WandaVision is meant to be a kind of sitcom/epic superhero mashup, with Kat Dennings reprising her role as Darcy from the Thor films, alongside Randall Park reprising his Ant Man and the Wasp role as FBI agent Jimmy Woo. Kathryn Hahn (Crossing Jordan) will play a “nosy neighbor,” and Teyonah Parris (Mad Men) plays a grown-up Monica Rambeau, daughter of Carol Danvers’ BFF Maria Rambeau, introduced in Captain Marvel. Within the MCU timeline, it takes place after the events of Avengers: Endgame, and its events will directly tie in to Doctor Strange in the Multiverse of Madness, currently slated for a 2022 release.
Per the official description: “WandaVision will follow the story of Elizabeth Olsen and Paul Bettany’s superhero characters, the Scarlet Witch and Vision. The series is a blend of classic television and the Marvel Cinematic Universe in which Wanda Maximoff and Vision—two super-powered beings living idealized suburban lives—begin to suspect that everything is not as it seems.”
Agent Phil Coulson and his plucky team of superheroes battled an alien race of Chronicoms in a high-octane journey through multiple time periods in the seventh and final season of ABC’s Agents of S.H.I.E.L.D. It has always been a fun show, even when the narrative occasionally went bonkers—honestly, especially then—with compelling characters that kept you coming back each week. The seventh and final season brought a pronounced sense of playfulness to the show’s pre-existing strengths, effectively saving its best season for last and tying everything together in a satisfying two-part finale.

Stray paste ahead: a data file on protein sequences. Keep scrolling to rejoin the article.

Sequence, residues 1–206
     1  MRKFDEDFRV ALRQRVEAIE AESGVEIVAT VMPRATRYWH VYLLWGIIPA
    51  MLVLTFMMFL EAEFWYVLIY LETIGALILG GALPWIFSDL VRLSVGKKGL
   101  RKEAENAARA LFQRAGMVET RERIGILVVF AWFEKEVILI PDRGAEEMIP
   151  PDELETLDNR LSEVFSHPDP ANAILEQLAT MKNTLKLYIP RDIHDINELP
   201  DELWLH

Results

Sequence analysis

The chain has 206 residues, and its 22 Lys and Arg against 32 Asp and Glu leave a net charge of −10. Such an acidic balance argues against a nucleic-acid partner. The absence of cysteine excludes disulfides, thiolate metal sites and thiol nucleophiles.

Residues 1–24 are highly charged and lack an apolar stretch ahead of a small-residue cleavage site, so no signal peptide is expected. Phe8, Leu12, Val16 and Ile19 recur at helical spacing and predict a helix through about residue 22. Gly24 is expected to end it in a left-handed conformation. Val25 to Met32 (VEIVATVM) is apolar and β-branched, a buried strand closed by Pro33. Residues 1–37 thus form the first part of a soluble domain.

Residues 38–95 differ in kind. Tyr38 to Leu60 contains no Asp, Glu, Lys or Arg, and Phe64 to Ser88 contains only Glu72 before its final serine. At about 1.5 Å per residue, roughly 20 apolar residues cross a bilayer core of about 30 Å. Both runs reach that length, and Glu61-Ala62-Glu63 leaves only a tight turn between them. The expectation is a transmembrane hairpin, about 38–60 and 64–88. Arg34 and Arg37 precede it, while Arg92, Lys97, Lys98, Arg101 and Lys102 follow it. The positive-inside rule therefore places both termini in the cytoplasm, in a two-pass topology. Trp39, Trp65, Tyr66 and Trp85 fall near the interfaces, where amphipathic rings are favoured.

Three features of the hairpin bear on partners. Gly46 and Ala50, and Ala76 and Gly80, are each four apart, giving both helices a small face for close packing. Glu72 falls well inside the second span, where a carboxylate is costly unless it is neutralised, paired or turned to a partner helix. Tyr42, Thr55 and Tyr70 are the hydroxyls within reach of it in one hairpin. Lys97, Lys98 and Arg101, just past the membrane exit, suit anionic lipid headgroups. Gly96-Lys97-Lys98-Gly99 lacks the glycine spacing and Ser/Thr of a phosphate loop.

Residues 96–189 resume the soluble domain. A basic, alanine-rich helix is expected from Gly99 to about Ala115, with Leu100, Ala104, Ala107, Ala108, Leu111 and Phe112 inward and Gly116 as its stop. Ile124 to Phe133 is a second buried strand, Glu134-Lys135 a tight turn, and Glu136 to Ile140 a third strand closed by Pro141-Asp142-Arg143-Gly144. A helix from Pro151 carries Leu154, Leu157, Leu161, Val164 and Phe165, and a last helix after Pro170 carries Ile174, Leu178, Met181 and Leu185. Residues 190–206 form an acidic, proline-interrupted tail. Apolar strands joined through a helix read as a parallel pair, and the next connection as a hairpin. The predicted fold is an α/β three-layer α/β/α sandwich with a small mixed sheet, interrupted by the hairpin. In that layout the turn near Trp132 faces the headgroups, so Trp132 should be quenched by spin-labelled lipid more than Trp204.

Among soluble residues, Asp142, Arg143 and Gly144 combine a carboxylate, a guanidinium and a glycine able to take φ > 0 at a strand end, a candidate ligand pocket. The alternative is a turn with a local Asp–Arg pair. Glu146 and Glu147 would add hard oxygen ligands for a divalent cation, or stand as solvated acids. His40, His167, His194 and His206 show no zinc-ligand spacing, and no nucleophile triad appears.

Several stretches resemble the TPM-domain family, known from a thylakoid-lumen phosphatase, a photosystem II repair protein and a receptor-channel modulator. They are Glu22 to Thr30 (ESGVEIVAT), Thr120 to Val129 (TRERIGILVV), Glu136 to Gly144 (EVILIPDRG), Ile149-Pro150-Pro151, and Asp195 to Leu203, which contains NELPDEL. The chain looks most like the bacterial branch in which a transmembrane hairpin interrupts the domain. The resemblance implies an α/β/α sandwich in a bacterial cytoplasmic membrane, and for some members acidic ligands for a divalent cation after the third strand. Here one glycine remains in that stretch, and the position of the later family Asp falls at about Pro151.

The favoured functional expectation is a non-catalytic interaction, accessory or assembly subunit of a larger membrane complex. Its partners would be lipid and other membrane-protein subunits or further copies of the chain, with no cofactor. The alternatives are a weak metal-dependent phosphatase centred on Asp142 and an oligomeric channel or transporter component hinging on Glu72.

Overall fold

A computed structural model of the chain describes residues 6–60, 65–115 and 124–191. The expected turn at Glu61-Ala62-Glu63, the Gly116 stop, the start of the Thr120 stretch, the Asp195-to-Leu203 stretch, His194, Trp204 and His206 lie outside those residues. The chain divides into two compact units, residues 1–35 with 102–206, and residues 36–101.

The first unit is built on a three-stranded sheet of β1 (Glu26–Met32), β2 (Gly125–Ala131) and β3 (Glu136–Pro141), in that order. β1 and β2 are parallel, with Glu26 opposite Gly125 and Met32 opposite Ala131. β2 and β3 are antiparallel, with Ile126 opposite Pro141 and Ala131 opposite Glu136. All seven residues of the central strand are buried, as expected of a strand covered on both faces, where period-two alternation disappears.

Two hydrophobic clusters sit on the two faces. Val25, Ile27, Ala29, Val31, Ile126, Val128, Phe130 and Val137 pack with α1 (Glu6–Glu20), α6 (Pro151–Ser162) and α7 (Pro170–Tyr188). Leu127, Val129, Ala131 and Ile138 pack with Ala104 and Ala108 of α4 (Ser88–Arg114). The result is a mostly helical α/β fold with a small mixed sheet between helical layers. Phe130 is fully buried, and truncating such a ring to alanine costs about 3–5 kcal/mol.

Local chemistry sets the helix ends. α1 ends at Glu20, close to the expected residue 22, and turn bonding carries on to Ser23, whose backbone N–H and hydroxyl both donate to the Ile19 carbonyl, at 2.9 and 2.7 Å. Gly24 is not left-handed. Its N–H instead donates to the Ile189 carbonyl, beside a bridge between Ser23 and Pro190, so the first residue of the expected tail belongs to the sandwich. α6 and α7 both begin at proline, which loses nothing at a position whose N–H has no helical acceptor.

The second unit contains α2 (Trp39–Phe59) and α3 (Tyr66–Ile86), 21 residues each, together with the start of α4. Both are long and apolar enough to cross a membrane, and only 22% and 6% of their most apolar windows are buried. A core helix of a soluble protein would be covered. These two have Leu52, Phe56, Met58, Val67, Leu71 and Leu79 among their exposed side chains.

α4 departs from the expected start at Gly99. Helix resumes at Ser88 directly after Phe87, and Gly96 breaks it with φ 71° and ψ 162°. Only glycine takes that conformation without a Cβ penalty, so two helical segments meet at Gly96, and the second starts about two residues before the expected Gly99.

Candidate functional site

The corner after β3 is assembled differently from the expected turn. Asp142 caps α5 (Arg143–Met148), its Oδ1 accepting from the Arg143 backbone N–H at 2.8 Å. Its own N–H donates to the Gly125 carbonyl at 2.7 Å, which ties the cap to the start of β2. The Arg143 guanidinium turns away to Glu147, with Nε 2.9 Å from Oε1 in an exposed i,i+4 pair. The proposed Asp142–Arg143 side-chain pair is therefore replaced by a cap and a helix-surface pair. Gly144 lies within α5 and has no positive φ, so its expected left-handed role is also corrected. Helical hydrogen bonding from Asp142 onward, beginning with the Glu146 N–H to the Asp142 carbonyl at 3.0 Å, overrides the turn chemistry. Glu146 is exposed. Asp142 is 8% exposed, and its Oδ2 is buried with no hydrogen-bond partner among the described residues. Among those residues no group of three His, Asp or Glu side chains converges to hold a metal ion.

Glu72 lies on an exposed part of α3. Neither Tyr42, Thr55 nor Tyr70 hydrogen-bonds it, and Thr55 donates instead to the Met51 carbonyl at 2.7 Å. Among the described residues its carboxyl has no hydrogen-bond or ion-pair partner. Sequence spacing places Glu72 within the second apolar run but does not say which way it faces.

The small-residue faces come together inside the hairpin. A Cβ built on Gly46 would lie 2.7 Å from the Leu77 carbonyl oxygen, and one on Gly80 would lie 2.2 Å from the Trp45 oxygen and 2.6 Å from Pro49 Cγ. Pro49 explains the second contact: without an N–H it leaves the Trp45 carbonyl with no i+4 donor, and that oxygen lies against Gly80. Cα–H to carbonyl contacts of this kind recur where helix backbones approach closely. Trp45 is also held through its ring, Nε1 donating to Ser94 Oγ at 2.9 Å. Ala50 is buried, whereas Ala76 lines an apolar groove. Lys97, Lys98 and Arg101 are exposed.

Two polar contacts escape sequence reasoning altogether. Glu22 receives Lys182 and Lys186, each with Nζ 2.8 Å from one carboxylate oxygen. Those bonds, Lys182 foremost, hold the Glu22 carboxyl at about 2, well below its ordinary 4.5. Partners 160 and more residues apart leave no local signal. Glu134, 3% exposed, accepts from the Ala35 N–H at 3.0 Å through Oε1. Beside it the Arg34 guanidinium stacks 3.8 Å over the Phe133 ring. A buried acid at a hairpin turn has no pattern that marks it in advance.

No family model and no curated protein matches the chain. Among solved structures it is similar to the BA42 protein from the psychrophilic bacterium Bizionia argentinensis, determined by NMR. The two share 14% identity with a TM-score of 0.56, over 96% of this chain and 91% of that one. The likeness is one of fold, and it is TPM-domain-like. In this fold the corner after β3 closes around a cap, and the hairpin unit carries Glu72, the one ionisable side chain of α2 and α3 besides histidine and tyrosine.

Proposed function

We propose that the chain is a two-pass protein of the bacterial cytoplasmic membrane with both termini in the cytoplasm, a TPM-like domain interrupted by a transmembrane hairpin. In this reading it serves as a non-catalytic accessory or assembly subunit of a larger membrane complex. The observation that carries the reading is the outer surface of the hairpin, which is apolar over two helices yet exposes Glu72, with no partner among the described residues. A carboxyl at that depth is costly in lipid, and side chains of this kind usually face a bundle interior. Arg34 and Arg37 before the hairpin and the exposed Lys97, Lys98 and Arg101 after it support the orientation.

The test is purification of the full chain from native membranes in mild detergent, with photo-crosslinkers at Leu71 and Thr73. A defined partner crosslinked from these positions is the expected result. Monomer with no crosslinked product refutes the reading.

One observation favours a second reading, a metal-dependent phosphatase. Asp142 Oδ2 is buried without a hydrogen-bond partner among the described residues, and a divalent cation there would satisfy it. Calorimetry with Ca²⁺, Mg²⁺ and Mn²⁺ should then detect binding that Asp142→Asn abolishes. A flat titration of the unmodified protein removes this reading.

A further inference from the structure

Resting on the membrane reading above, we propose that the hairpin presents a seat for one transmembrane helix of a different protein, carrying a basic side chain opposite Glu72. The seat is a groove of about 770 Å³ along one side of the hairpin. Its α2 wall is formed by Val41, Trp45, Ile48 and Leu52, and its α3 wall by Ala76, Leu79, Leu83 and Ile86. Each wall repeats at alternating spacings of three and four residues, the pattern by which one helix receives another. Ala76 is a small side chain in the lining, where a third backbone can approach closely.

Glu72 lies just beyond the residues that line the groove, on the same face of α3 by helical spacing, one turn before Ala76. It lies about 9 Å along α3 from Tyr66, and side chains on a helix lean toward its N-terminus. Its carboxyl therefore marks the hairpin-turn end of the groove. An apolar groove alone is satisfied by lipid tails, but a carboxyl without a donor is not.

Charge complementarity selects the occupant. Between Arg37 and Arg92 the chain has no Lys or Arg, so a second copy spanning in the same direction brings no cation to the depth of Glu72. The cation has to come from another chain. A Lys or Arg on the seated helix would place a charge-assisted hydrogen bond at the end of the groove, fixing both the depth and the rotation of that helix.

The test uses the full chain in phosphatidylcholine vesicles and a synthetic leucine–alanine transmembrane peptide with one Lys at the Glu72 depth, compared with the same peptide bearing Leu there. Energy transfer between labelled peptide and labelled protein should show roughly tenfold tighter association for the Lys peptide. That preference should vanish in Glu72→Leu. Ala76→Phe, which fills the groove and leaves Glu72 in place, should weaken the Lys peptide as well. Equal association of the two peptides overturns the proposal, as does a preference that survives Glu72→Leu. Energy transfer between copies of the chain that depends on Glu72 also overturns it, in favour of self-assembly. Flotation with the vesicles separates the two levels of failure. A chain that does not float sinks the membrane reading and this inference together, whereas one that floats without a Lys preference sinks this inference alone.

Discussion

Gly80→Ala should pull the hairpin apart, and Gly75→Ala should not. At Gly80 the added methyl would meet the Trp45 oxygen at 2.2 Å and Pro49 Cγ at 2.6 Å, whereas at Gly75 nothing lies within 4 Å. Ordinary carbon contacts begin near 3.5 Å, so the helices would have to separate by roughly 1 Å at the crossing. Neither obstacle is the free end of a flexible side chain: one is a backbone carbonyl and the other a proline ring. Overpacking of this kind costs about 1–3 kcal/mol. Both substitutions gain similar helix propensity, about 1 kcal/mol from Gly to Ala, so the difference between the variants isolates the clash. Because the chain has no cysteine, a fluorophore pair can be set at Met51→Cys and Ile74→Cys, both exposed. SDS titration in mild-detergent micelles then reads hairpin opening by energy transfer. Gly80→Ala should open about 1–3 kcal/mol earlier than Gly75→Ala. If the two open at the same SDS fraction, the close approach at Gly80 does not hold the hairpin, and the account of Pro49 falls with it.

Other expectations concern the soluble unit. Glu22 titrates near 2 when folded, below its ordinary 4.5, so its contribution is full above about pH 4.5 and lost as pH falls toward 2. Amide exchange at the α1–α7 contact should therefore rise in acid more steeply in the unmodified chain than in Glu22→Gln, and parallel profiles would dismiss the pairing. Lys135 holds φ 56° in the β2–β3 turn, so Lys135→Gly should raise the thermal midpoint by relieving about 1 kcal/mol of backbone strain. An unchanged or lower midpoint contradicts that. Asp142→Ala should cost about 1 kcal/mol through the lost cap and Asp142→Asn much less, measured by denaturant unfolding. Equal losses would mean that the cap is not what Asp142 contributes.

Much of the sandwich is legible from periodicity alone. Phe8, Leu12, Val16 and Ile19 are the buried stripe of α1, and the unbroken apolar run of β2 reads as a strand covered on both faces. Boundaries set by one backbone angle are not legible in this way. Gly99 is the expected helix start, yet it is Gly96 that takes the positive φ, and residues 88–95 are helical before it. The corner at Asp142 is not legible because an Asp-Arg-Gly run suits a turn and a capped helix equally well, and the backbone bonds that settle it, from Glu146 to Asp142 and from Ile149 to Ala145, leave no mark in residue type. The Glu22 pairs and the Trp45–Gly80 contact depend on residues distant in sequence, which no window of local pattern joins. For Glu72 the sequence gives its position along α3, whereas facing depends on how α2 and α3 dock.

(Some spoilers below, but no major plot twists.)
The spin-off series created by The Avengers writer and Director Joss Whedon brought Coulson (Clark Gregg) back from the dead to lead an elite squad of agents to take on the terrorist group Hydra, eventually incorporating a superhuman race called Inhumans into the storyline.
A real-world catastrophe has forced us to hit pause on enjoying the spectacle of our own domination. Maybe that’s a good thing.
A key distributor has halted deliveries and shops are shuttered, putting the entire industry in jeopardy: “A lot of people are going to lose their livelihoods.”
Natasha Romanoff (Scarlett Johansson) goes back to her roots to take down a ruthless mercenary recruiting other young women to be combat operatives in the final trailer for Black Widow, Marvel’s long-overdue standalone feature film delving into the mysterious past of the late titular Avenger.